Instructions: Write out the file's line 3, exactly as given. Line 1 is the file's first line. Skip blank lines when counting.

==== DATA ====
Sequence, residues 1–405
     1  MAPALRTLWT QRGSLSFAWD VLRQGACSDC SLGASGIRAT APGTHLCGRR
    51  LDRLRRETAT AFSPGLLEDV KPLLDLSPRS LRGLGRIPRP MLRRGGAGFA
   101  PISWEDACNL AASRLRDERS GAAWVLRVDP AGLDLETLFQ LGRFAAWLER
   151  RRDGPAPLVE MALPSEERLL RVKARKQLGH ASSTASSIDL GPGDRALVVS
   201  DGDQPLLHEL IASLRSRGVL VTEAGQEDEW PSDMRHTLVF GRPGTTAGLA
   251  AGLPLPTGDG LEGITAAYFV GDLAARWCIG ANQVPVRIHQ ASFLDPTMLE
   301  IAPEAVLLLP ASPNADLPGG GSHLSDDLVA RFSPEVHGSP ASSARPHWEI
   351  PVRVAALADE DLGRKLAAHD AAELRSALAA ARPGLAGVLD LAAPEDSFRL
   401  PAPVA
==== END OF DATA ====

    51  LDRLRRETAT AFSPGLLEDV KPLLDLSPRS LRGLGRIPRP MLRRGGAGFA